Move the Money. Long Beach spends close to half of its General Revenue budget on policing solutions that have failed to keep residents safe. To address crime, Estrada proposes to address what is at the root of crime. The city must shift funding to bolster mental health resources, fund youth projects, and create sustainable, high-quality jobs to keep communities safe and free from crime.

Planet Over Profit. West Long Beach is home to some of the highest levels of pollution that negatively affect community health and disproportionately impact the working-class and Black and brown neighborhoods. Estrada will fight to make Long Beach green, sustainable, and healthy for all of its residents.

The would-be Communist Councilman

So, what kind of response is he getting as an open Communist in the community? “It’s varied. In the most working-class areas without public services, people are more receptive, especially about free public transportation. Nine out of ten are not fazed by my presenting myself as a Communist. There’s not a lot of hostility—most of that we see online. We’re just now getting the full spectrum of reaction. I expected some public backlash, and I felt I was prepared for it. I think I can handle it.”

When he was growing up, Estrada recalls, “I didn’t have people to identify with, so I feel the campaign is important for people to see someone running who looks like them, overwhelmingly Black and brown and working-class.”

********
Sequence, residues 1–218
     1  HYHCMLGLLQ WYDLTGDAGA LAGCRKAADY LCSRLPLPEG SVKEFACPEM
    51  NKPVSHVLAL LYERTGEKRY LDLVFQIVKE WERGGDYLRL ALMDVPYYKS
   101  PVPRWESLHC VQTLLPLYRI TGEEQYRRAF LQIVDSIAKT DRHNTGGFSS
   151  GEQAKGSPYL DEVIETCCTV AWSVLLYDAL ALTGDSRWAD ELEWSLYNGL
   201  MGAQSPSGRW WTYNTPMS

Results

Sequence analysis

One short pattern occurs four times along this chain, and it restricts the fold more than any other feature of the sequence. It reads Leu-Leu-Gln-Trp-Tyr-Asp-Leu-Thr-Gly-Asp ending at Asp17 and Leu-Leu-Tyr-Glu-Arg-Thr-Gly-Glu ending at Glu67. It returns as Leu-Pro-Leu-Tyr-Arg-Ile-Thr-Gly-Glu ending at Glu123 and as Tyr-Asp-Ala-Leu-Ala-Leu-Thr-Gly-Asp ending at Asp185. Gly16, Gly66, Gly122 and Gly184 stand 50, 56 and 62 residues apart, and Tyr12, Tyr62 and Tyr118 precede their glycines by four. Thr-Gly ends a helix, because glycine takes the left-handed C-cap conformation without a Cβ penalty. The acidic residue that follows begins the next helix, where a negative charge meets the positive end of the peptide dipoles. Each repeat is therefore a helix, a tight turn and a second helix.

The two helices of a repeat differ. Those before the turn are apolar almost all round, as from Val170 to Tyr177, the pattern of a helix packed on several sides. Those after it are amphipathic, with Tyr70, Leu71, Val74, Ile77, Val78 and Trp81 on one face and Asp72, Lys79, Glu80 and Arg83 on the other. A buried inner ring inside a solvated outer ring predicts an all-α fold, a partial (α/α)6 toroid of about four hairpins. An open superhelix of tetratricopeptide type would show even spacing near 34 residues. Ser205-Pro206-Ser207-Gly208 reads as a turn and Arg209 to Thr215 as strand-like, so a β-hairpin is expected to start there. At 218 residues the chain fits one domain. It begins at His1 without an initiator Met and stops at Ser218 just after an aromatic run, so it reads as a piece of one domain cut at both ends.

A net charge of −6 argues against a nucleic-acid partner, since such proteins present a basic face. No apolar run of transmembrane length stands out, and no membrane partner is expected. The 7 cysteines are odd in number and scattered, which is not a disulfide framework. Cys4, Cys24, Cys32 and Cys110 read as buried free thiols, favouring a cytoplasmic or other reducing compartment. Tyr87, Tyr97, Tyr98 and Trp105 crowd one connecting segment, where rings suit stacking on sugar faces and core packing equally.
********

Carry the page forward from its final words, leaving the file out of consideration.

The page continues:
PW asked one final question, based on some of his campaign photos where he can be seen sporting prominent tattoos on both forearms. “I’m not hiding any aspect of who I am. I’m open and honest about everything, not hiding any of the choices I made, like being a veteran. The whole campaign is about that. Actually the imagery is Buddhist and it’s about “duality, or dialectical materialism.” He still considers himself a Buddhist.

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CONTRIBUTOR

Eric A. Gordon
Eric A. Gordon

Eric A. Gordon is the author of a biography of radical American composer Marc Blitzstein, co-author of composer Earl Robinson’s autobiography, and the translator (from Portuguese) of a memoir by Brazilian author Hadasa Cytrynowicz. He holds a doctorate in history from Tulane University. He chaired the Southern California chapter of the National Writers Union for two terms and is director emeritus of The Workers Circle/Arbeter Ring Southern California District. In 2015 he produced “City of the Future,” a CD of Soviet Yiddish songs by Samuel Polonski. Aside from numerous awards for his writing from the International Labor Communications Association, he received the Better Lemons “Up Late” Critic Award for 2019. His latest project is translating the nine books of fiction by Manuel Tiago (pseudonym for Álvaro Cunhal) from Portuguese. The first volumes are already available from International Publishers NY.